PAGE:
The so-called 340B program faces a number of critical issues, such as whether to change and better define eligibility, strengthen compliance efforts and provide greater transparency about the discounts provided through the program, according to the report. The federal Health Resources and Services Administration is developing new regulations to address these and other issues.
“Policymakers need a clear, objective description of the 340B program and the challenges it faces on the road ahead,” said Andrew Mulcahy, the report’s lead author and a policy researcher at RAND, a nonprofit research organization. “There are increasingly divergent views on the program’s purpose and the role it should play in supporting safety net providers.”
The federal 340B program began in 1992 to help health care providers extend services to vulnerable populations, including the indigent and uninsured. The program allows some hospitals, clinics and health centers to buy outpatient prescription drugs at discounted prices that are generally lower than the amount paid by state Medicaid programs.
Today more than 7,800 entities are covered by the program, a result of expanding eligibility rules. RAND researchers estimate that the hospitals that participate in the program account for more than one-third of all U.S. outpatient hospital visits.
Federal officials estimate that the 340B program accounts for $6 billion in outpatient drug spending, about 2 percent of all U.S. prescription drug spending in 2011. This translates into savings of $1.6 billion for eligible safety net providers.
RAND researchers found these savings are small in comparison to the disproportionate share hospital payments and primary health care grants that play a large role in financing care in the safety net. However, some estimates suggest that the size of the program could double under provisions in the federal Affordable Care Act.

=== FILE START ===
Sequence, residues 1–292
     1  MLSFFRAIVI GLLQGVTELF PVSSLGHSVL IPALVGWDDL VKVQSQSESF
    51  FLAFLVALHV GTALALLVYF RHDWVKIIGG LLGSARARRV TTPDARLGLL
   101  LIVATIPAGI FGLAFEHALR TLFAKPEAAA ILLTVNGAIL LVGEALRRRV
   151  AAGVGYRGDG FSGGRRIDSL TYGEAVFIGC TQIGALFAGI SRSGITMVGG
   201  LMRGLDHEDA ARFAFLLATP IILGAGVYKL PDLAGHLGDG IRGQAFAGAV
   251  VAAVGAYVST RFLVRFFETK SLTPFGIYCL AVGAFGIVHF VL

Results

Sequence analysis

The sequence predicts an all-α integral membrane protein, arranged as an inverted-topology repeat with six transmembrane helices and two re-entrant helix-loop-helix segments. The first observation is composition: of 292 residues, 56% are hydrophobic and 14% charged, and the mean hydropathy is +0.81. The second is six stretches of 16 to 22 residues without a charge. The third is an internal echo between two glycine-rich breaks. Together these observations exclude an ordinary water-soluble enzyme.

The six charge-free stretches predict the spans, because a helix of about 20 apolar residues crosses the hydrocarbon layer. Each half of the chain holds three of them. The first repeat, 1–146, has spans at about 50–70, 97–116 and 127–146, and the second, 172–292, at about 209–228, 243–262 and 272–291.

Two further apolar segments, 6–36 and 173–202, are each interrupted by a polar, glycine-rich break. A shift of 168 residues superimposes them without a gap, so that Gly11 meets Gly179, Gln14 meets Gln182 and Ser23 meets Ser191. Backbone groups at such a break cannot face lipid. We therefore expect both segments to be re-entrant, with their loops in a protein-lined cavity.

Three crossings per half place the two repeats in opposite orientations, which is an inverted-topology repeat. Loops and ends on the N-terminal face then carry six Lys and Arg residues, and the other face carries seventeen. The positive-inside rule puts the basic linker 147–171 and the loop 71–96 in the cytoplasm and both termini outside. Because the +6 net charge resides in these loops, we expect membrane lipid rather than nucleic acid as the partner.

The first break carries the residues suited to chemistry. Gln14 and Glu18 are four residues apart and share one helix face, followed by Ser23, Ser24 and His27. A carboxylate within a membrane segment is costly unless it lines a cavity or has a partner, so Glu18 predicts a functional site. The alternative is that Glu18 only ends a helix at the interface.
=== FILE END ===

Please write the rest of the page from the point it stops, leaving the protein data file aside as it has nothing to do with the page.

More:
RAND researchers reviewed the available information about the 340B Drug Pricing Program and developed a set of key issues policymakers should consider as changes are discussed.
Among those issues is whether to keep eligibility based on characteristics of health care facilities or to make only certain patients eligible for discounted drugs. Drug manufacturers contend that eligibility rules should change because some facilities in the program generate revenue by marking up the cost of drugs bought at a discount and selling them to patients with insurance.
Another important issue is a recent change that excludes expensive orphan drugs from the program. The change, made to protect the financial incentives for developing orphan drugs, has increased the complexity of recordkeeping for participating health care providers.
In addition, the RAND analysis says policymakers should consider whether there needs to be more transparency about how the program’s discounts are calculated. The formulas used to calculate prices are based, in part, on proprietary information, which can make it difficult for health care providers to know whether they could negotiate a lower price for drugs through another source.
The report, “The 340B Prescription Drug Discount Program: Origins, Implementation, and Post-Reform Future,” is available at www.rand.org. Support for the project was provided by Sentry Data Systems. Other authors of the report are Courtney Armstrong, Jeffrey Lewis and Soeren Mattke.
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